Supported by a diverse coalition of organizations representing every facet of civil society in California
Why We Need More Homes Now
California suffers from a shortage of 3.5 million homes, the consequence of decades of policies at the local level that have made it functionally illegal to build housing in our most jobs-rich, high-opportunity neighborhoods and communities.
The result: Skyrocketing homelessness; families struggling with housing costs; teachers, police officers, nurses, and other vital service providers commuting long hours in spirit-breaking traffic; businesses struggling to attract workers; and the acrid pollution that clogs our air, sickens our children, and exacerbates climate change.
California State Senator Scott Wiener’s SB 50, the More Homes Act, makes it legal to build new, affordable homes in our cities while enacting some of the strongest protections ever proposed for renters and sensitive communities. It focuses new development in transit corridors, and in areas with abundant jobs, to ensure new growth does not exacerbate traffic, pollution, and climate change. It breaks down barriers to opportunity in neighborhoods with good schools and high-quality amenities.
In the spring of 2019, California YIMBY conducted a statewide poll of voters to gauge their interest in SB 50. The findings show that 66% of California voters support SB 50 and want to see more affordable homes built near jobs and transit.
In January of 2020, Sen. Wiener, California YIMBY, and our allies added new provisions to SB 50 that give cities two years after the bill is signed to develop a housing plan that works for their specific needs. These “local flexibility” amendments were made in response to cities that said they wanted to achieve the goals of SB 50 with plans that were more customized to their conditions.
Under the Local Flexibility provisions of SB 50, local governments have two years to take the lead in creating housing plans that will make it more affordable for Californians to live near their jobs, transit, and amenities like good schools, daycare, and medical services. Cities that don’t have plans in place will be able to use the other provisions of SB 50 to solve their housing shortages. These provisions focus on changes to zoning near transit stops, and in communities rich in jobs and amenities.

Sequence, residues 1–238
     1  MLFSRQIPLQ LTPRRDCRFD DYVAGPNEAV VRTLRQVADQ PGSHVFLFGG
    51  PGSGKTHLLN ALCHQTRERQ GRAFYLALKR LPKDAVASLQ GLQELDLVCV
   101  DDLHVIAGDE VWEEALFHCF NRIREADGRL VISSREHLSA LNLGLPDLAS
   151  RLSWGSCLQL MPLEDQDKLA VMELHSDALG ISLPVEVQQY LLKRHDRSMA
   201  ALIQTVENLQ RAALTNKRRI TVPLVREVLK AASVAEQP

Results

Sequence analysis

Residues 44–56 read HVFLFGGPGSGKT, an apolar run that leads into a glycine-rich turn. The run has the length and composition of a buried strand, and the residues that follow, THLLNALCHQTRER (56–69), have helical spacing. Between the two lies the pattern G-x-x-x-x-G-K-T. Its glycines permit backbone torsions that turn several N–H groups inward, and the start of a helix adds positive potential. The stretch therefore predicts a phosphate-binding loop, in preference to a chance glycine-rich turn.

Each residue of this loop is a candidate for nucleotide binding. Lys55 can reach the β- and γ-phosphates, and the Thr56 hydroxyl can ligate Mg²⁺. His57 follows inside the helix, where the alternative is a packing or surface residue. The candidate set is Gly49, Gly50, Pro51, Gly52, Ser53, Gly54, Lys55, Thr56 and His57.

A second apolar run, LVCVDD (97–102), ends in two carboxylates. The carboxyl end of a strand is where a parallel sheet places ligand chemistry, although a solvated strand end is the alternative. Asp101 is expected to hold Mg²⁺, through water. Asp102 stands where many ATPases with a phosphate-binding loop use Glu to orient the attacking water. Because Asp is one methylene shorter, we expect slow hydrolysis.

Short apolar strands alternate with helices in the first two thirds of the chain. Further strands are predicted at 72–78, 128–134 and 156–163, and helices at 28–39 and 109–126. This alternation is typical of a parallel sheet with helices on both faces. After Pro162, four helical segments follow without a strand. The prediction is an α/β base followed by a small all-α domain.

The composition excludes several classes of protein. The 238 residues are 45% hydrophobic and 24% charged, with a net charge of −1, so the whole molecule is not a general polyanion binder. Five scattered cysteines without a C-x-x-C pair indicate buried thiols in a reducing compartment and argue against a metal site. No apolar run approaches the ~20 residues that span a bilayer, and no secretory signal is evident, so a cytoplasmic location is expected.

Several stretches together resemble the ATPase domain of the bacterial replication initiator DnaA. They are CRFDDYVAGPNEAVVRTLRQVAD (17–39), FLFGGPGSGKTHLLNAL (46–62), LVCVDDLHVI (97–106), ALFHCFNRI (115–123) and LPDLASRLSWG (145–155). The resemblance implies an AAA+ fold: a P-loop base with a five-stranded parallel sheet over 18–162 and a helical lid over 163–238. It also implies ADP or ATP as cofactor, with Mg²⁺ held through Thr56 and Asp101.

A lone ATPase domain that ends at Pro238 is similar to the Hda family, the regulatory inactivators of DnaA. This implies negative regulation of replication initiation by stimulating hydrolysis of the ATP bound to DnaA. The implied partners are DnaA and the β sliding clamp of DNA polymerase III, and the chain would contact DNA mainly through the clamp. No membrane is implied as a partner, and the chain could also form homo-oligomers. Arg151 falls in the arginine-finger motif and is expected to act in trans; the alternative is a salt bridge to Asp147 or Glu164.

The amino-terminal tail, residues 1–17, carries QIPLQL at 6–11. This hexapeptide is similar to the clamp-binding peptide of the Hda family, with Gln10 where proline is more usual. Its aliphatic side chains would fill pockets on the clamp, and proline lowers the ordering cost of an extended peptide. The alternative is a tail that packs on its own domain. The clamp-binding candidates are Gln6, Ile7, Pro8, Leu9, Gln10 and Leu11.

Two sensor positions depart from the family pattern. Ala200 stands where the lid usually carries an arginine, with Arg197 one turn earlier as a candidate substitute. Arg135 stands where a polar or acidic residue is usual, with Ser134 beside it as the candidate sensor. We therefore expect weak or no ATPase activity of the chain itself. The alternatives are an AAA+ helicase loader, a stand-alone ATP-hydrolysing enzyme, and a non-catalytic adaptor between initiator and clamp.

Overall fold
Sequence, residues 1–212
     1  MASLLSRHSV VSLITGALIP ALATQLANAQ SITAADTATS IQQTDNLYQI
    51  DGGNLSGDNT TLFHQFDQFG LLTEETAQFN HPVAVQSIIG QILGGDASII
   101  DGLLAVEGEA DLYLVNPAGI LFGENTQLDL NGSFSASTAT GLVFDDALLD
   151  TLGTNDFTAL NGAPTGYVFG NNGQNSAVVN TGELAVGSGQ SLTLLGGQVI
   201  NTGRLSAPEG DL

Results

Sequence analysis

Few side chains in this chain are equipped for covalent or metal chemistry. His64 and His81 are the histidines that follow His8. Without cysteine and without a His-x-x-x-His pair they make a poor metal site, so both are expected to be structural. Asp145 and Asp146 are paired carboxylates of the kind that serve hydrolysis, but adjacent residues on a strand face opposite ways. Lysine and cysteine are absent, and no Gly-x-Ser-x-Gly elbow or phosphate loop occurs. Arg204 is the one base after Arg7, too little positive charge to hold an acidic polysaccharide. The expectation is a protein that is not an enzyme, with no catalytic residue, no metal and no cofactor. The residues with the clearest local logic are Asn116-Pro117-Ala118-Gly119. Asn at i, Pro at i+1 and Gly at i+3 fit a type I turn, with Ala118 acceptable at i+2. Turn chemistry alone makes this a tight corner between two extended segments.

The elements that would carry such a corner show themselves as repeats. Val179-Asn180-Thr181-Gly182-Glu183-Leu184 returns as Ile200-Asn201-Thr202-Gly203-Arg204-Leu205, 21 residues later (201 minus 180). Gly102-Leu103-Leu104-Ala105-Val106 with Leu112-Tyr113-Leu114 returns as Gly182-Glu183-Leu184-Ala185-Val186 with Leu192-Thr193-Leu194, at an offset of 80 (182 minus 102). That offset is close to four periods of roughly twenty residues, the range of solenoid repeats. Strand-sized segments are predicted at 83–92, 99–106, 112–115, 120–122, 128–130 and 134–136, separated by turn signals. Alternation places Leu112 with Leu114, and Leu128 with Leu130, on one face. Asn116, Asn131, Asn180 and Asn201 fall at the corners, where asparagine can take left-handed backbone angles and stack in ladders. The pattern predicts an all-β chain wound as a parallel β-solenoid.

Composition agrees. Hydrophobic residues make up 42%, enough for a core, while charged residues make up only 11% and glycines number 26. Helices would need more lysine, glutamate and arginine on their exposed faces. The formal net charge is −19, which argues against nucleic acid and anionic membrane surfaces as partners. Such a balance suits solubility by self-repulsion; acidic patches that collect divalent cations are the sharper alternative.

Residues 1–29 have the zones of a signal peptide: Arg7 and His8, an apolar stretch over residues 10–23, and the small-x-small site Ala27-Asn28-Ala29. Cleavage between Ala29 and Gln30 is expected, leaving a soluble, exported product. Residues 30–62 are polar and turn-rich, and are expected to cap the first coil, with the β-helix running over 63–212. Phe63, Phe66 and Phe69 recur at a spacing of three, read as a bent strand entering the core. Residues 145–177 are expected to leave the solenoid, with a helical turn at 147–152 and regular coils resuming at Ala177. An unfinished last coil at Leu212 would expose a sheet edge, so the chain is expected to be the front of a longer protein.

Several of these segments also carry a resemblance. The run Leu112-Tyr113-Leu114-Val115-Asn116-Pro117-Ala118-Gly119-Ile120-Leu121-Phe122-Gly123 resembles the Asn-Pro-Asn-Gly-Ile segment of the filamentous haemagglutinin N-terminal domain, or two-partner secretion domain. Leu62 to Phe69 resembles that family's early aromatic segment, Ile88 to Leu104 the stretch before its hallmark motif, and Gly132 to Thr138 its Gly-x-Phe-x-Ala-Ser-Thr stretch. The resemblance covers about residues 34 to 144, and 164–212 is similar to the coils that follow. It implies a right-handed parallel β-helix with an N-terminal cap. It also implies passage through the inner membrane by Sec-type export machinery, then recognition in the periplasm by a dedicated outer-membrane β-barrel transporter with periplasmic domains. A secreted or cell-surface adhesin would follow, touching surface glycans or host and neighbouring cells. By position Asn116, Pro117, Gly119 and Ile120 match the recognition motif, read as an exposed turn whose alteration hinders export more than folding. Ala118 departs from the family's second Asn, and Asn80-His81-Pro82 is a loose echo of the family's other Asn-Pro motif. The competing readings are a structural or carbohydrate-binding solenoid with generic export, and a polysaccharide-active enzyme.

In addition, “sensitive communities” that are under-resourced and need to pair zoning reform with anti-displacement policy will not experience any zoning changes until 5 years after the bill is signed. Senator Wiener, California YIMBY and our allies are working to ensure these communities receive state resources to support the planning process during the 5-year period. The bill still includes the most aggressive affordable housing provisions ever proposed in state law.
SB 50 will result in more economically integrated neighborhoods across the state. By legalizing the development of mixed-income housing in high-opportunity areas, low-income Californians will gain access to the same services and amenities enjoyed by wealthier residents. SB 50 helps break the cycle of poverty, which is closely tied to historic and ongoing exclusion in our housing policies.
Under SB 50, all housing projects will still be subject to environmental review, as well as existing labor and employment standards for new construction. Local development fees, community engagement processes, and architectural design review will remain as-is. Cities that have more stringent protections for renters, or higher targets for affordable housing, will be able to maintain those standards.
The Latest on SB 50
ICYMI: Majority of California Voters Support SB 50
Equity, Affordable Housing Groups Across California Endorse SB 50 – the More HOMES Act
California's largest newspapers come out strong for SB 50